A car is considered totaled when its total value is less than what it costs to repair it. Note that this may vary from state to state and from insurer to insurer.
For example, in Alabama a car is considered totaled when the damage is greater than 75 percent of its value.
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How Does My Insurance Determine if a Car Should be Totaled?
Your insurance company will ask the following questions before giving you a verdict:
- Can the car be repaired safely?
- Will repair costs be higher than the car’s value?
- Will state law determine that the car is damaged enough for it to be considered totaled?
If your car’s airbags deployed during the accident and your car is totaled, your insurer will take into account the cost of replacing the airbags before making a decision.
What to Do When Your Car is Totaled
The first thing that you should do when your car is involved in a severe accident is contact your insurance company. Your insurance agent should help you initiate an insurance claim, wherein the insurance company will value the car based on the repair costs involved.
If your insurance determines that your car is totaled, they will issue payment for the cash value of the car. This will be done after considering the deductibles on the comprehensive or collision coverage.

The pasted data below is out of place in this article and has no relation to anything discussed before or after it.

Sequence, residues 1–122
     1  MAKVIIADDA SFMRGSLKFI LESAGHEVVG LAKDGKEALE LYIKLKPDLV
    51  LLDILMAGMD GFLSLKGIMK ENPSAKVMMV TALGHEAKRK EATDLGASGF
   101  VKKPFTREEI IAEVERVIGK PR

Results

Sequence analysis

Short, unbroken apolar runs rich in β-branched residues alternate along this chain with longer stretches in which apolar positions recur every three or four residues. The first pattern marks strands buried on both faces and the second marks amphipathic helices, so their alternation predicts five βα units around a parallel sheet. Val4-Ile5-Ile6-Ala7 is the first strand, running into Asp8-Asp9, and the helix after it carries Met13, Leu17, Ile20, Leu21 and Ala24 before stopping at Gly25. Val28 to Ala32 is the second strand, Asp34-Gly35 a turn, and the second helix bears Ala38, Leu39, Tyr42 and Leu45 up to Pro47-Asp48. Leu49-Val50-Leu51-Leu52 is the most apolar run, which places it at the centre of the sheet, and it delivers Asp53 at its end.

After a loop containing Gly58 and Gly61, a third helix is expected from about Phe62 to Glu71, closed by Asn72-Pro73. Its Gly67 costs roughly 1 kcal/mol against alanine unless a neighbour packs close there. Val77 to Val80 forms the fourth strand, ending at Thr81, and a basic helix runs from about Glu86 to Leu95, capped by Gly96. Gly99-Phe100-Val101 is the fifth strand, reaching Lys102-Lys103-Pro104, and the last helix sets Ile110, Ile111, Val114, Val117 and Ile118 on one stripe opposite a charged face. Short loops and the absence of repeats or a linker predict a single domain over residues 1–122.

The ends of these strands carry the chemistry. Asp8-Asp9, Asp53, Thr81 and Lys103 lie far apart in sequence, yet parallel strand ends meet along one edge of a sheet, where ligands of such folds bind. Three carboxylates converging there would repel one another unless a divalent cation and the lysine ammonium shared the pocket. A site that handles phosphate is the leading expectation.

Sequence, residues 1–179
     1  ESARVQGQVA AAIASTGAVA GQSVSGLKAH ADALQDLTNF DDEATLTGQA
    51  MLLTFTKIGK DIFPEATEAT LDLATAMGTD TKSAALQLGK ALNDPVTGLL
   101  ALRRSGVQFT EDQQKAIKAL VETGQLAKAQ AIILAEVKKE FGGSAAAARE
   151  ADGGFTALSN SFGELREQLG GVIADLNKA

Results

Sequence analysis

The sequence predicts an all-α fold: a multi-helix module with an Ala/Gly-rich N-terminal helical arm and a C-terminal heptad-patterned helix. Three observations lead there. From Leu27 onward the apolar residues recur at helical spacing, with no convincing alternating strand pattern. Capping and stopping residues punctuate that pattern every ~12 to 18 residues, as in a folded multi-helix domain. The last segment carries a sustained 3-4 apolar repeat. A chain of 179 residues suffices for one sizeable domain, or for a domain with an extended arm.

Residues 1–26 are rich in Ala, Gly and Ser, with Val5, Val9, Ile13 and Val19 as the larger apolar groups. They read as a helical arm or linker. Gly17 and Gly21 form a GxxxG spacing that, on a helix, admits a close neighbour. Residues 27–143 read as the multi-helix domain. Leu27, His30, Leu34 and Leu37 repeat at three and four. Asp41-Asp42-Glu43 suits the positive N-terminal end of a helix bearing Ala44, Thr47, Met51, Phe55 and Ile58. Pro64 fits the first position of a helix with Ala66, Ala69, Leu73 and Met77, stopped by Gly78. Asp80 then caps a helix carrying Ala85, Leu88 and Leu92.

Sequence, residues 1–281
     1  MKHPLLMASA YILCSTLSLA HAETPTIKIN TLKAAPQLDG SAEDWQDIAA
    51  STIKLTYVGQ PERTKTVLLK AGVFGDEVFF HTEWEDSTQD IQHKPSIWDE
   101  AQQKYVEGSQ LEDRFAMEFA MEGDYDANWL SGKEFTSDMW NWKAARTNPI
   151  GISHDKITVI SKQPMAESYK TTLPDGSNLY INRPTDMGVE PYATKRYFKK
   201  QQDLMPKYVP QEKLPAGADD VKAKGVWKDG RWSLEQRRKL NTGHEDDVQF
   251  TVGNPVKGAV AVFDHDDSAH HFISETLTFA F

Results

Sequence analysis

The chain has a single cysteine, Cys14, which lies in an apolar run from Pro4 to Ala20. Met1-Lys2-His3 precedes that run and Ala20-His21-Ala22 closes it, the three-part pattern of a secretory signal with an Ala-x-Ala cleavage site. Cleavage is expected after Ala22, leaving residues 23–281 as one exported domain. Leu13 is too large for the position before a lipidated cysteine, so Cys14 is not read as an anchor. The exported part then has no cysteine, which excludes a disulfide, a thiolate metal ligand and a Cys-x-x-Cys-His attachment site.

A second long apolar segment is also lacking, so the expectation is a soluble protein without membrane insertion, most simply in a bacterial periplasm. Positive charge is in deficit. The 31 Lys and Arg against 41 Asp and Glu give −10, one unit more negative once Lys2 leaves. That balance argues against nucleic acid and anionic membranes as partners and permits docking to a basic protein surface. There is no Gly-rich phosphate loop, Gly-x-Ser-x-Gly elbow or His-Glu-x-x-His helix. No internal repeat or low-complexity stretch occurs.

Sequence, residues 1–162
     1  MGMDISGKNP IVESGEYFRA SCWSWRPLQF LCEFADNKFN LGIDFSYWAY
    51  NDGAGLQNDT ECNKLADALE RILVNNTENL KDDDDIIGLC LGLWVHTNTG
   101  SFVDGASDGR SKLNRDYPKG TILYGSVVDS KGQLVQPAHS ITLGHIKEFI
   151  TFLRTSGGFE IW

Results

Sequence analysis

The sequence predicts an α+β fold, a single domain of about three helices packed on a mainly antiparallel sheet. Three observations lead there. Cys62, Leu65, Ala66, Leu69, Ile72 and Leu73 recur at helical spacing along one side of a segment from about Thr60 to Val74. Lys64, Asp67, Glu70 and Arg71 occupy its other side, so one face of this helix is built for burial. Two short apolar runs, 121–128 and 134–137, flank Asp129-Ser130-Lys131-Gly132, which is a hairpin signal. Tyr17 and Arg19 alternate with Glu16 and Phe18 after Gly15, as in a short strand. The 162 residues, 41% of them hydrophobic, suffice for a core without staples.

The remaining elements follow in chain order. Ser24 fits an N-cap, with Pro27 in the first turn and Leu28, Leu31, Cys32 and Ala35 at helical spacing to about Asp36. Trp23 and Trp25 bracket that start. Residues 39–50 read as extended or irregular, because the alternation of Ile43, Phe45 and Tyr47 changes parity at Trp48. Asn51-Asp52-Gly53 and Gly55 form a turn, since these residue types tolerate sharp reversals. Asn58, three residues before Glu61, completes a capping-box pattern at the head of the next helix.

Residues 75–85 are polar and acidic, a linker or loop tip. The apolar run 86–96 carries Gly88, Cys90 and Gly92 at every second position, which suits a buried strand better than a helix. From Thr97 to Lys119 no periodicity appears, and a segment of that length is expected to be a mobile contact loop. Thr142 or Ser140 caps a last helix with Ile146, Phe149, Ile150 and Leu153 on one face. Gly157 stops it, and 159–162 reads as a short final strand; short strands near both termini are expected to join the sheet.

How Much Will My Insurance Pay Me for a Totaled Car?
The value of a totaled car will be determined by your car’s worth at the time of the accident. The insurance company will use several factors, such as age, depreciation, mileage, and resale value, to come up with this figure. This may also be compared to the selling price of similar vehicles in the area and/or the fair market value.
Once the insurance pays you for the value of your totaled car, they will resume ownership of it. The cash can be given to you once all the necessary procedures have been completed.
Alternatively, you can ask your insurer to replace the car with one that is of comparable value. This is most applicable when the totaled car is still new, and the insurance company determines that there was no mistake on your part.
What if the Totaled Car Has an Outstanding Loan Balance?
If you were still paying a loan on the totaled car at the time of the accident, you will still be required to clear the outstanding debt. You can ask the insurance company to write a check to the lender to settle the balance, though. Typically, the lender will receive the first payment and the balance will be credited to your account.
In some instances, you may find that you still owe the lender after they have been paid by your insurance. This happens when the loan interest is high, and the insurance payout is low. If this happens to you, you will have to clear the outstanding amount out of pocket.
What if the Damage is not My Fault?
If, for example, a tree falls on car when it is safely parked and it gets totaled, one could argue that you are not to blame. In this case, your insurance company will reimburse the complete value of your car or get you a replacement. Again, the reimbursement will be made after taking any deductibles into account.
If your car is totaled in a collision that was not your fault, your insurer may seek reimbursement from the other driver’s insurer to cover the compensation cost.
Can I Keep My Car and Repair it Myself?
Most insurance companies will allow you to keep your totaled car if you want to. They will get a fair estimate for the totaled car and deduct this amount from the reimbursement that you were supposed to receive as a settlement.